DEPRESSION: Common Misconceptions

Did you know that there have been significant breakthroughs in understanding depression in the past few years? There are multiple new studies in peer-reviewed scientific journals such as Nature, debunking some common misconceptions of depression, even ones still taught in medical schools just a few years ago. The largest of these misconceptions is that depression is caused by a chemical imbalance in the brain which can only be restored with the right combination of psychopharmaceuticals. While there is certainly merit in the possibility of neurotransmitter dysfunction in relation to depression, the new research shows that this is usually more a symptom of a broader underlying physiological condition rather than the origin of the depression.

happy and sad faced balloons flying in the air

It turns out, that depression is an extremely complex, heterogenous condition resulting from the interplay of genetics, environment, diet, lifestyle, generational cycles of dysfunction, traumas, physiology, learned behaviors, and our nervous system’s adaptation to surviving in unsafe, unpredictable environments. However, recent studies are showing that more often than not, depression is triggered by and complicated by inflammation. And it is the microbiome that is responsible for regulating much of our inflammation, the production of key neurotransmitters, and communicating with the brain around depression and anxiety. In fact, researchers have found that transplanting gut bacteria from a depressed animal into a non-depressed animal makes the non-depressed animal develop depression symptoms. And alternately, gut bacteria from healthy animals transplanted into a depressed animal relieves the depression symptoms.

So, what does this mean? The new theory is pointing to an increased focus on the gut-brain axis and that things such as diet, exercise, lifestyle patterns, environment, timing meals and sleep with our circadian rhythm, and mindfulness-based interventions are some of the most critical factors in reducing inflammation and protecting our mental health. In fact, studies have shown that changes in our diet and lifestyles can be even more effective than pharmaceutical interventions and without the host of side effects.

Our diet is the single most important factor in regulating the balance between good and bad bacteria in our gut, which in turn, regulates our immune function, inflammation, and production of neurotransmitters (among many, many others). And according to the research, the most effective diet for promoting good bacteria and overall gut health is one that is primarily centered around whole foods and mostly plants, with limited dairy, meat, sugar, stimulants, and processed foods. This will naturally improve mood, depression and anxiety symptoms, and brain fog.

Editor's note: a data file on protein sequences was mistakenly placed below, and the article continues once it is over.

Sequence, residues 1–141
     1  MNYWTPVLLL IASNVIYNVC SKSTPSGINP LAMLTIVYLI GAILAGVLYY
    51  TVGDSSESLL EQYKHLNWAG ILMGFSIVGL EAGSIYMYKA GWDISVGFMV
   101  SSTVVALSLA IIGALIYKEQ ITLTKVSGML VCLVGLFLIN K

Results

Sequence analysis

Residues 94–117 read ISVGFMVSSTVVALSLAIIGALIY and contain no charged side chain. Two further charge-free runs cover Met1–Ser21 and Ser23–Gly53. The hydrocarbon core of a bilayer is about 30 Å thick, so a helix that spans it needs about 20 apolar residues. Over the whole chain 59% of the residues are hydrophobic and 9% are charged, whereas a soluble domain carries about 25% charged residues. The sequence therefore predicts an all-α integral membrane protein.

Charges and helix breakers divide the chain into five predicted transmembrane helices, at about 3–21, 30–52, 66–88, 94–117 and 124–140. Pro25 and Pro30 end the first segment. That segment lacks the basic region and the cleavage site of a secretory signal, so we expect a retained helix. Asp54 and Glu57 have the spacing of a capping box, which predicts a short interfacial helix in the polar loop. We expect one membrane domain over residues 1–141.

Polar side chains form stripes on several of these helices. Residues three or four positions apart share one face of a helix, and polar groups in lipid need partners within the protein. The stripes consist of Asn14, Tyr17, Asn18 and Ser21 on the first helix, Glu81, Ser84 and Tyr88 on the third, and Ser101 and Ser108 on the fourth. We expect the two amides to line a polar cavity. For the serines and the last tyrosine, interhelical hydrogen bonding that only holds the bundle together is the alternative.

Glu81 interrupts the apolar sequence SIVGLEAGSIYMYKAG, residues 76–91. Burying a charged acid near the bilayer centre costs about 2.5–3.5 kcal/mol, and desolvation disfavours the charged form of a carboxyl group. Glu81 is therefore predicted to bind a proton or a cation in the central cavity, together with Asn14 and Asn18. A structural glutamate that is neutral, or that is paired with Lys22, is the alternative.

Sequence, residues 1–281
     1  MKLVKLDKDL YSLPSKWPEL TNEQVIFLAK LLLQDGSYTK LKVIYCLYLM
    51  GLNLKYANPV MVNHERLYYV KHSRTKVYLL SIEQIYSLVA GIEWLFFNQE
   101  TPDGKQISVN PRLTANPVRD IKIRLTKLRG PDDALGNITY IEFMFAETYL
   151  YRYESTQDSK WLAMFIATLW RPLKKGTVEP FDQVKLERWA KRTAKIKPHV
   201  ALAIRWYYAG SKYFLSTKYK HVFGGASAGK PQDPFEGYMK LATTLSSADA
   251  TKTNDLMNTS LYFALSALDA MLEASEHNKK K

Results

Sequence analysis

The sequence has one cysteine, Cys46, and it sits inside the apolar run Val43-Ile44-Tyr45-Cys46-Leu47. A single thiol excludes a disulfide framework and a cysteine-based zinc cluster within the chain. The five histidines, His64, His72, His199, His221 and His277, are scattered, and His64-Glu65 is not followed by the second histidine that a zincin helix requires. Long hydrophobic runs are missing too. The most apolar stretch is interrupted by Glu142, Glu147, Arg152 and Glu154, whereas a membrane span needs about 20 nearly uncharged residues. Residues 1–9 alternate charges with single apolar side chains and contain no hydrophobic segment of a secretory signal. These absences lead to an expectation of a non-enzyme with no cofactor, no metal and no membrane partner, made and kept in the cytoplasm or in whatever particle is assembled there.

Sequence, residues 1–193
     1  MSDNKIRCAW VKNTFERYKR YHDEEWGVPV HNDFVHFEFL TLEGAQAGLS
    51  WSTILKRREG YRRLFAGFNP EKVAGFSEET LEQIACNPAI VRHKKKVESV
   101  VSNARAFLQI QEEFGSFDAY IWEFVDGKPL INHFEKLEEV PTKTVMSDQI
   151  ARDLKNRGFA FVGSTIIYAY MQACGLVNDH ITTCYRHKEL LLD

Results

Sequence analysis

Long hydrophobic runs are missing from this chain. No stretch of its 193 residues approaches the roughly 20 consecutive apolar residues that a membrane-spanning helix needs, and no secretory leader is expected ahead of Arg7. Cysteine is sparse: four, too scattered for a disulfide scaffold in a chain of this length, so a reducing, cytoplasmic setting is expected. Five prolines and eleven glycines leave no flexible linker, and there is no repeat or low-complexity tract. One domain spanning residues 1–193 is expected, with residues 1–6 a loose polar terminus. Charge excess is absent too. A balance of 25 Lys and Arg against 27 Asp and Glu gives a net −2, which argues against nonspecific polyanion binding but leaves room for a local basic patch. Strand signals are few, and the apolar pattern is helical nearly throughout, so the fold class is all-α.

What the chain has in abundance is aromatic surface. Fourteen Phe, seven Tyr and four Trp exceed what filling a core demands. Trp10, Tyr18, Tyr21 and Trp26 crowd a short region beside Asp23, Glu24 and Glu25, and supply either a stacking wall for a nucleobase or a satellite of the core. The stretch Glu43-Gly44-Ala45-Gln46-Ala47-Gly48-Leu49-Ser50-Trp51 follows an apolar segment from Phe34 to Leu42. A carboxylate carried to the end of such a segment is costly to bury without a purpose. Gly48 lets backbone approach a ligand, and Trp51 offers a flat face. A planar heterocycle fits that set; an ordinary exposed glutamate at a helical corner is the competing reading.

Mental health counseling can only be as effective as your body can handle. Addressing your diet, lifestyle, and environment can set the foundation for improved health and wellness and prepare you to take on the task of therapy. You will then be in a place where you can safely and effectively address maladaptive patterns of thinking and behaving, explore core beliefs and past traumas, and learn healthy new skills.

Author: Karen McKinney, LCMHCA


  1. Berk, M., Williams, L.J., Jacka, F.N. et al. So depression is an inflammatory disease, but where does the inflammation come from?. BMC Med 11, 200 (2013).

  2. Caso, J.R., MacDowell, K.S., González-Pinto, A. et al. Gut microbiota, innate immune pathways, and inflammatory control mechanisms in patients with major depressive disorder. Transl Psychiatry 11, 645 (2021).

  3. Foster, Jane. & Neufeld, Karen-Anne. Gut-brain axis: how the microbiome influences anxiety and depression. Trends in Neurosciences 36(5), 305-312 (2013).

  4. Katarzyna Socała, et al. The role of microbiota-gut-brain axis in neuropsychiatric and neurological disorders. Pharmacological Research, 172 (2021).

  5. Köhler-Forsberg, O, et al. Efficacy of anti-inflammatory treatment on major depressive disorder or depressive symptoms: meta-analysis of clinical trials. Acta Psychiatr Scand. 2019;139:404–19.

  6. Zheng, P., Zeng, B., Zhou, C. et al. Gut microbiome remodeling induces depressive-like behaviors through a pathway mediated by the host’s metabolism. Mol Psychiatry 21, 786–796 (2016).

Disclaimer: This information is generalized and intended for educational purposes only. Due to potential individual contraindications, please see your primary care provider before implementing any strategies in these posts.


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